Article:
ATHENA, also known as Pallas Athena, one of the most important goddesses in Greek mythology. Athena sprang fullgrown and armored from the forehead of the god Zeus and was his favorite child. He entrusted her with his shield, adorned with the hideous head of Medusa the Gorgon, his buckler, and his principal weapon, the thunderbolt. A virgin goddess, she was called Parthenos ("the maiden").
Her major temple, the Parthenon, was in Athens, which, according to legend, became hers as a result of her gift of the olive tree to the Athenian people. Athena was primarily the goddess of the Greek cities, of industry and the arts, and, in later mythology, of wisdom; she was also goddess of war.
So Zeus swallowed Metis. In time he was overcome with a splitting headache and summoned help from the craftsman god Hephaestus (or, some say, the Titan Prometheus). Hephaestus cleaved Zeus's forehead with an ax, and Athena sprang forth fully armed.
The poet Hesiod tells the story to account for Zeus's great wisdom, since he can be said to have literally incorporated Metis. One can also read into the myth wishful thinking on the part of the mythmakers who replaced the worship of the Great Goddess, mother of all growing things, for that of the male sky-god Zeus. Zeus gave birth to Athena himself, as if to say, Who needs a woman in order to bring forth new life?
Athena aided the heroes Perseus, Jason, Cadmus, Odysseus and Heracles in their quests.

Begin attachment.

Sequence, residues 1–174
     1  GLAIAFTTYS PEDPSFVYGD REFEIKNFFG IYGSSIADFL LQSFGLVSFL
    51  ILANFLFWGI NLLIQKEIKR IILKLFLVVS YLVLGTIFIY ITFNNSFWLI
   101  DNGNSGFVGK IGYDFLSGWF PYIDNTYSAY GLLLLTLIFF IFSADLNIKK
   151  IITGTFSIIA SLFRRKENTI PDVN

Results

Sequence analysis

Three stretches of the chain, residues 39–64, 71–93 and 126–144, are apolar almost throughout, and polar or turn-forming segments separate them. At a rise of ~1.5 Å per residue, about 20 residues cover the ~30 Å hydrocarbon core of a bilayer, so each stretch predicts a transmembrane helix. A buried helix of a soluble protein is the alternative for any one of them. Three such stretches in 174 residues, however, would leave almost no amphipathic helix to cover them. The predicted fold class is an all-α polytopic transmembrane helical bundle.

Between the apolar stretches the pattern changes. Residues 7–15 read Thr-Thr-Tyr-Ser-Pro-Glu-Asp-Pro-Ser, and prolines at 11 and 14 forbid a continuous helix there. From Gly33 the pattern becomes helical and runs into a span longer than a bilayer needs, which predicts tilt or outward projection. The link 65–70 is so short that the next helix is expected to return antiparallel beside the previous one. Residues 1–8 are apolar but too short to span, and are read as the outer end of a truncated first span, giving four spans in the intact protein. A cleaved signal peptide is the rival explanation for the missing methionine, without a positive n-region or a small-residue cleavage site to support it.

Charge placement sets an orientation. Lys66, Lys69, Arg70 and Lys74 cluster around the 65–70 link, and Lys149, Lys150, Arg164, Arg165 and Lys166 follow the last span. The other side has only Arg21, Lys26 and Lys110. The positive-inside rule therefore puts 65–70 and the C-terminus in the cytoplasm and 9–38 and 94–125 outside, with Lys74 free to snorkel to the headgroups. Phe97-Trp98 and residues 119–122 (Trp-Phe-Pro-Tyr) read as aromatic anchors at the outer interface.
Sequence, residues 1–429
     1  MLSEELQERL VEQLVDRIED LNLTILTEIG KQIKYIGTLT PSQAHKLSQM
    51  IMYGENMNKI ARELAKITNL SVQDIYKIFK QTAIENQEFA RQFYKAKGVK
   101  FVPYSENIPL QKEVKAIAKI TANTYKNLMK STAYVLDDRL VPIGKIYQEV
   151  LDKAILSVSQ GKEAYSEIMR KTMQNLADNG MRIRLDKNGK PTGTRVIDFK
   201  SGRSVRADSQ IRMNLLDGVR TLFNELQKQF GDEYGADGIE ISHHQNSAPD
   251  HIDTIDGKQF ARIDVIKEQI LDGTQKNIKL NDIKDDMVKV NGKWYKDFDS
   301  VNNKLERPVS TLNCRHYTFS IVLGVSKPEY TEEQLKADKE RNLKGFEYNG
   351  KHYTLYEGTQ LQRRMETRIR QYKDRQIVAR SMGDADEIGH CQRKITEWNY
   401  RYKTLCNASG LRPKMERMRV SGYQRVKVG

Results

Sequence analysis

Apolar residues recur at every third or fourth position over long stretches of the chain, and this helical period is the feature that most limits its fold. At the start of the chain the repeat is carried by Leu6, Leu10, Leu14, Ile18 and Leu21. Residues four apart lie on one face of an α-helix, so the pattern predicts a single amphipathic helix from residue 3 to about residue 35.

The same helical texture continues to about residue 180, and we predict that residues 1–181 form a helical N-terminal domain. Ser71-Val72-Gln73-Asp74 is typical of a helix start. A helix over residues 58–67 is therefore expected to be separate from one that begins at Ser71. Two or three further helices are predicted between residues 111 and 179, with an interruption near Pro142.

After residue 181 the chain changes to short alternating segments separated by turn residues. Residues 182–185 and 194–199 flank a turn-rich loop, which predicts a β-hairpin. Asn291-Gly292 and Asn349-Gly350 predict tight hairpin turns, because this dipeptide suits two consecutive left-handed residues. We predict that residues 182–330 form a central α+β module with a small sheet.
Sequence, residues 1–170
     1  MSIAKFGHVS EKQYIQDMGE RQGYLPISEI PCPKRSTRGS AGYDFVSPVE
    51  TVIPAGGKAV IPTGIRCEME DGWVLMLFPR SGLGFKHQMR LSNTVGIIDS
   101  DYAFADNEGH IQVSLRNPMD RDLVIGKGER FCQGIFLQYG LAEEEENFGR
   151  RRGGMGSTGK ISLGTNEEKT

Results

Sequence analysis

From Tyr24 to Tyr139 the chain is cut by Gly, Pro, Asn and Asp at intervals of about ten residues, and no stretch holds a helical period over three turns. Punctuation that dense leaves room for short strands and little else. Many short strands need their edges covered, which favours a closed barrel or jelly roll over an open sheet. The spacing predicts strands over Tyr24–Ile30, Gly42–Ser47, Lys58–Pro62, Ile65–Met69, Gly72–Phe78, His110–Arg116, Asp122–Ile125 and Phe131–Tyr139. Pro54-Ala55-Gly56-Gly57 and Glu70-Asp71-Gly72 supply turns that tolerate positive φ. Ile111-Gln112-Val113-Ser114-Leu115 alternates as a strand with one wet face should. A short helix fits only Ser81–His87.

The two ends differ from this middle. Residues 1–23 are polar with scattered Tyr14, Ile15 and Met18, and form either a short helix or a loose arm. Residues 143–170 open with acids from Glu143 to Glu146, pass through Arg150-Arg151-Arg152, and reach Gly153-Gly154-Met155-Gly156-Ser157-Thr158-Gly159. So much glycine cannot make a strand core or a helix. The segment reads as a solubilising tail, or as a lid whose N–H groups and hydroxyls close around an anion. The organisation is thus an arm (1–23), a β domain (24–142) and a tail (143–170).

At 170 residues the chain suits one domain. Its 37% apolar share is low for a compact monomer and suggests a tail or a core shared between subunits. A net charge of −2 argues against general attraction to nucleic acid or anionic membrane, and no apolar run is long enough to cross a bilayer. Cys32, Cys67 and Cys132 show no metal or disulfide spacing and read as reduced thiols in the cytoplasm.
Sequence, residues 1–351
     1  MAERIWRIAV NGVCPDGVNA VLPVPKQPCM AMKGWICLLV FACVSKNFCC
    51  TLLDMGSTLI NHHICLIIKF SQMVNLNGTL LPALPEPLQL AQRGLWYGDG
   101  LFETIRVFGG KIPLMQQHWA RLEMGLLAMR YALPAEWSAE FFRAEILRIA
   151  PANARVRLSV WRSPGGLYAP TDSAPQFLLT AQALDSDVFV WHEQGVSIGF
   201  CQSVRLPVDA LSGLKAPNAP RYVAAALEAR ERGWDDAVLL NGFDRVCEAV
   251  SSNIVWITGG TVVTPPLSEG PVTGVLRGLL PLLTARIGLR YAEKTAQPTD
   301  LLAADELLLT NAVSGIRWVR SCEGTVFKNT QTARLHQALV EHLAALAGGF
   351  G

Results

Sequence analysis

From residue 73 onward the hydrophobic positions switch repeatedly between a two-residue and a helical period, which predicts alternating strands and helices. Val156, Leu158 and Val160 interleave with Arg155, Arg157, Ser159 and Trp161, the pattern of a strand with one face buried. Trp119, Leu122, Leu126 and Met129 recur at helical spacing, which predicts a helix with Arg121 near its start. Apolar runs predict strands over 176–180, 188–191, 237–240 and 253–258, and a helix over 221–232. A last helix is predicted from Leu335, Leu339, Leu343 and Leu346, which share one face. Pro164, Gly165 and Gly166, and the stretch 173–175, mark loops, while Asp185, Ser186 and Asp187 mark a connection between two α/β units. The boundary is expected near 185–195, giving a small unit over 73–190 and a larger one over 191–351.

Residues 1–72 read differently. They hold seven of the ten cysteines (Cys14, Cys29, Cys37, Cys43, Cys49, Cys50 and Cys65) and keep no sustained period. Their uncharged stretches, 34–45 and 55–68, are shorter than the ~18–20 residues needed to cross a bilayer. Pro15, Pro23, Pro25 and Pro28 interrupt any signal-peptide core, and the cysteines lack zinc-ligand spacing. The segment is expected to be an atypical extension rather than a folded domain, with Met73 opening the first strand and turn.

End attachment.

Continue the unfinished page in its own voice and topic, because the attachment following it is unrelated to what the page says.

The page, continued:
Both Athena and Poseidon wanted to be patron deity of Athens. To prove her worthiness for the honor, Athena caused an olive tree to spring up on the citadel of Athens, the Acropolis. Poseidon sought to outdo her by striking the ground with his trident and causing a spring of water to gush forth. But as he was god of the sea, the water was salty. Athena's gift to the Athenians was considered to be more useful, so she became the city's patron deity.
Athena sponsored Perseus in his quest to slay Medusa because she wanted the Gorgon's head to decorate her shield.
Athena was also a patron of the agricultural arts and of the crafts of women, especially spinning and weaving. Among her gifts to man were the inventions of the plow and the flute and the arts of taming animals, building ships, and making shoes. She was often associated with birds, especially the owl.
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